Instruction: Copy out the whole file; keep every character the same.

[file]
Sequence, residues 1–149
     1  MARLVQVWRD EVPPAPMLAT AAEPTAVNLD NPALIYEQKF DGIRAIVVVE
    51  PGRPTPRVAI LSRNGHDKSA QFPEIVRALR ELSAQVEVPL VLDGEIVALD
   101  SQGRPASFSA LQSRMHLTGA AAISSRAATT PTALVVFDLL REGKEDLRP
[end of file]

Sequence, residues 1–149
     1  MARLVQVWRD EVPPAPMLAT AAEPTAVNLD NPALIYEQKF DGIRAIVVVE
    51  PGRPTPRVAI LSRNGHDKSA QFPEIVRALR ELSAQVEVPL VLDGEIVALD
   101  SQGRPASFSA LQSRMHLTGA AAISSRAATT PTALVVFDLL REGKEDLRP